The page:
• Abstract Dr Anitra Carr


Health and Immune Function Benefits of Kiwifruit-derived Vitamin C

Dr Anitra C. Carr

University of Otago, New Zealand

Vitamin C is an essential micronutrient. Unlike most animals, we have lost the ability to synthesise our own vitamin C and must therefore obtain it from our diet. Fresh fruit and vegetables are the best source of vitamin C, and regular and adequate daily intake of vitamin C is required to prevent marginal vitamin C status (hypovitaminosis C) and the potentially fatal deficiency disease scurvy. Kiwifruit are an outstanding source of vitamin C with one kiwifruit providing twice the Recommended Dietary Intake (RDI) of vitamin C. We believe that vitamin C levels significantly higher than the current New Zealand RDI of 40 mg/day vitamin C are required for optimal health.

We have carried out several human intervention studies investigating the bioavailability of kiwifruit-derived vitamin C. We found that consumption of as little as half a gold kiwifruit per day was sufficient to significantly increase plasma vitamin C levels, and two gold kiwifruit per day (which constitutes ~200 mg/day vitamin C) provided optimal plasma levels. Few other food sources provide this benefit. We also showed an improvement in muscle, seminal fluid and white cell vitamin C status following kiwifruit intake. In addition, the intake of two kiwifruit per day was associated with improved wellbeing.

Vitamin C has a number of important functions in the body, from acting as a potent antioxidant, to its role as a cofactor for numerous biosynthetic and regulatory enzymes. We are particularly interested in its potential immune function benefits, in particular its effects on white blood cell function. White blood cells, such as neutrophils, are our first line of defence against invading microorganisms. Neutrophils migrate towards sites of infection, engulf (or phagocytose) bacteria and then produce an array of compounds, such as reactive oxidants, to kill the bacteria. We have carried out a human intervention study to investigate the effects of kiwifruit supplementation on white cell function. We found a significant increase in neutrophil vitamin C status following supplementation with two gold kiwifruit per day and an increase in the ability of neutrophils to migrate and generate oxidants. Both of these functions would likely translate into better overall immune function and health.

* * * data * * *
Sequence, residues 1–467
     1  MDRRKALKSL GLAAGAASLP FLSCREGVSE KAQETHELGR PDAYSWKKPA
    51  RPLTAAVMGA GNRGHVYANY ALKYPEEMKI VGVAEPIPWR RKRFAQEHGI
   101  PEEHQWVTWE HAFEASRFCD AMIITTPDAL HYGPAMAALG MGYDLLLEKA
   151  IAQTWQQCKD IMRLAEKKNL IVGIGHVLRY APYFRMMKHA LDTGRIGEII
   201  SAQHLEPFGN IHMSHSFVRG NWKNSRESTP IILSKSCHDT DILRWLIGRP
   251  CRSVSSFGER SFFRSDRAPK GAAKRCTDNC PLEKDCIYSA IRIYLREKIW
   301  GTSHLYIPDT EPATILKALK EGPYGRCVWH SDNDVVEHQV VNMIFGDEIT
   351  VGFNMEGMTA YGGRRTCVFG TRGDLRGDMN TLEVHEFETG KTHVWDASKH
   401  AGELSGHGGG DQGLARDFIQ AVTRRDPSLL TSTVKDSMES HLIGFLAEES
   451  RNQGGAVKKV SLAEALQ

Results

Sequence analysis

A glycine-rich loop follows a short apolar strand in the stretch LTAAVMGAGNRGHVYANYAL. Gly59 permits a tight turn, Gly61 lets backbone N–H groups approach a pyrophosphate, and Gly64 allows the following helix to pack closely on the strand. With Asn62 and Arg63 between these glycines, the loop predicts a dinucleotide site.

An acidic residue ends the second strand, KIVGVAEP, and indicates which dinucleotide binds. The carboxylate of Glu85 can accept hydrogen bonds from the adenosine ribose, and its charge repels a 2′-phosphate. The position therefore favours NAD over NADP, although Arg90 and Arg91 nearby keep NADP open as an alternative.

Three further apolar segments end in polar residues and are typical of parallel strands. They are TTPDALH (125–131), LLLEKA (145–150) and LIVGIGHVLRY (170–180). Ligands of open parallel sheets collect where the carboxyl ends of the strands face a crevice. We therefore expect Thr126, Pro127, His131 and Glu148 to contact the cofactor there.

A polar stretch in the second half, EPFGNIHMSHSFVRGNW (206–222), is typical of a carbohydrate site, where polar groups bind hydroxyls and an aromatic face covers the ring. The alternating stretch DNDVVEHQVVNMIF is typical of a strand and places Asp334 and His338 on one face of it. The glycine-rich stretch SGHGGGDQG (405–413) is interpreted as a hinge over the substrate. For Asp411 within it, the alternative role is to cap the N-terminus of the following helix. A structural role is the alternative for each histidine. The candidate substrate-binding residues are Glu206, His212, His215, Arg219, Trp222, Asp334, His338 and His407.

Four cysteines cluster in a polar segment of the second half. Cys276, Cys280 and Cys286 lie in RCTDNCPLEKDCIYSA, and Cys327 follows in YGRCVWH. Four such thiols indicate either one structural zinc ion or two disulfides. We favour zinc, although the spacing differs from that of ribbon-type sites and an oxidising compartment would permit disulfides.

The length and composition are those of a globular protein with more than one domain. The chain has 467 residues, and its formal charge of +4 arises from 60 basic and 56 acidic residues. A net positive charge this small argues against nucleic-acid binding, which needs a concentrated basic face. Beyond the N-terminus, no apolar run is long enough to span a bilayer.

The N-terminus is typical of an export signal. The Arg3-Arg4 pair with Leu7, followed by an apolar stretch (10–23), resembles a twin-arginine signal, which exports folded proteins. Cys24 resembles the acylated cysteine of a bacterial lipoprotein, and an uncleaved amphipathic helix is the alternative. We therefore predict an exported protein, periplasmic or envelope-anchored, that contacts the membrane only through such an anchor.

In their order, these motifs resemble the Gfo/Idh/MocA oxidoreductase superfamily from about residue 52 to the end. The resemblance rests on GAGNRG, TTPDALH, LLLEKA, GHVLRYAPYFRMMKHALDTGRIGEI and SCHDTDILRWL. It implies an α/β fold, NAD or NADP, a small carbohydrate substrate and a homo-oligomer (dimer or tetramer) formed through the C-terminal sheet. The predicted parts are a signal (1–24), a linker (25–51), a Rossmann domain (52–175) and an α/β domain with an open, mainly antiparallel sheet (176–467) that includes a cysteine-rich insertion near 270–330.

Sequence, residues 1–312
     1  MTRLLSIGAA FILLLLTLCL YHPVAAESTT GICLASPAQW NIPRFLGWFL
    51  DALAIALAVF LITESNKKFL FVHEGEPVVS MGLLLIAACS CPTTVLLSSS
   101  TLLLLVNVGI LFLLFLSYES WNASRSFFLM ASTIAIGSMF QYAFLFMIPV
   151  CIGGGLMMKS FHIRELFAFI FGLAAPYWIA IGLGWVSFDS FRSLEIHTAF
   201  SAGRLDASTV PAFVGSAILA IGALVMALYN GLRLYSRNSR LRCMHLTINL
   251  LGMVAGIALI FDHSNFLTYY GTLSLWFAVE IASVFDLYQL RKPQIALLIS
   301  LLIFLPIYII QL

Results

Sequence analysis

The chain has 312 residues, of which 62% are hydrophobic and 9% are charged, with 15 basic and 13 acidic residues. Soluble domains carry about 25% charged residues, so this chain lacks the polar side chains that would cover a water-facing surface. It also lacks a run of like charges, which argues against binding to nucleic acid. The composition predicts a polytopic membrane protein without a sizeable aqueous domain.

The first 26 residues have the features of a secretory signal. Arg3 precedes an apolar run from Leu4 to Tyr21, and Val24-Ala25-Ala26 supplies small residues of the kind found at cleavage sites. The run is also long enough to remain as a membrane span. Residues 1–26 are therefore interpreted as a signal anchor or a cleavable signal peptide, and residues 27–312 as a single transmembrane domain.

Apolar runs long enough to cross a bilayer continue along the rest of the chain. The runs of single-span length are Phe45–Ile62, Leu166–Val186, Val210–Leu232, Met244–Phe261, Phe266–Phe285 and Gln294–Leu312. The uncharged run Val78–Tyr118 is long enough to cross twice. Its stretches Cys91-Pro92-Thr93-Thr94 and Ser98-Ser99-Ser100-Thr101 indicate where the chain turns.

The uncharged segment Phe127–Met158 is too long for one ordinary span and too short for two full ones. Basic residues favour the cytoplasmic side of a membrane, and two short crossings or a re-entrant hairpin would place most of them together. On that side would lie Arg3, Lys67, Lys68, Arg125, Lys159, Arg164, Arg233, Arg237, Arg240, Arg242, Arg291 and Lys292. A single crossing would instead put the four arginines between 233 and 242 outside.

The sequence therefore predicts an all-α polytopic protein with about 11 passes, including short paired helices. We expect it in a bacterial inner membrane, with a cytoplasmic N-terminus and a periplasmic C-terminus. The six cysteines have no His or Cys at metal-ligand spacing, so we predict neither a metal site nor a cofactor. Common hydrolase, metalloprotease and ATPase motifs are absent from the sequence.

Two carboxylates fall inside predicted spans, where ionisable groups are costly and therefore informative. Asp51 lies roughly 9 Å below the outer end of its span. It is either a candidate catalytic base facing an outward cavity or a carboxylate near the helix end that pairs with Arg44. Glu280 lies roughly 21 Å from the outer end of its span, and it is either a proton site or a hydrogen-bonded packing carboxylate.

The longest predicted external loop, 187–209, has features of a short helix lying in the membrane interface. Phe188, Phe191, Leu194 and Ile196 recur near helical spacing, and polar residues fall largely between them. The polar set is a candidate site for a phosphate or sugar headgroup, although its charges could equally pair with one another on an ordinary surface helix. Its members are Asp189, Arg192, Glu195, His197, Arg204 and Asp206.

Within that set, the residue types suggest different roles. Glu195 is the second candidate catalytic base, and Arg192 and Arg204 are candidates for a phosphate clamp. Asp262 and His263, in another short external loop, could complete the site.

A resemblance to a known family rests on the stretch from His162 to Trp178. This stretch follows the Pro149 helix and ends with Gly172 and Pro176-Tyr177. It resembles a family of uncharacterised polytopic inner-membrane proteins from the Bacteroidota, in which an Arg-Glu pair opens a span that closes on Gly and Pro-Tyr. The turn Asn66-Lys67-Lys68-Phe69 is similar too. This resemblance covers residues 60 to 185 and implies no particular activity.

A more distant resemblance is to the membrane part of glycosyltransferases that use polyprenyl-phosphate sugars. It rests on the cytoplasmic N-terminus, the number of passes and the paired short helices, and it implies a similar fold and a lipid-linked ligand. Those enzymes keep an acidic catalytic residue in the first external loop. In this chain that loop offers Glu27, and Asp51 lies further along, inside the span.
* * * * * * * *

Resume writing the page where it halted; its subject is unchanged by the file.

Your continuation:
Combined analysis of the data from our human intervention studies has indicated that people require vitamin C intakes significantly higher than the current New Zealand RDI to achieve optimal plasma levels. Therefore, we recommend a daily intake of 200 mg/day vitamin C which can be obtained from a daily diet of 5-7 servings of fruit and vegetables, provided that at least one of those is a high vitamin C food such as kiwifruit. This will provide optimal plasma and tissue vitamin C levels and enhanced health outcomes.

View Presentation on Kiwifruit and Vitamin C by Dr Anitra Carr from Kiwifruit Symposium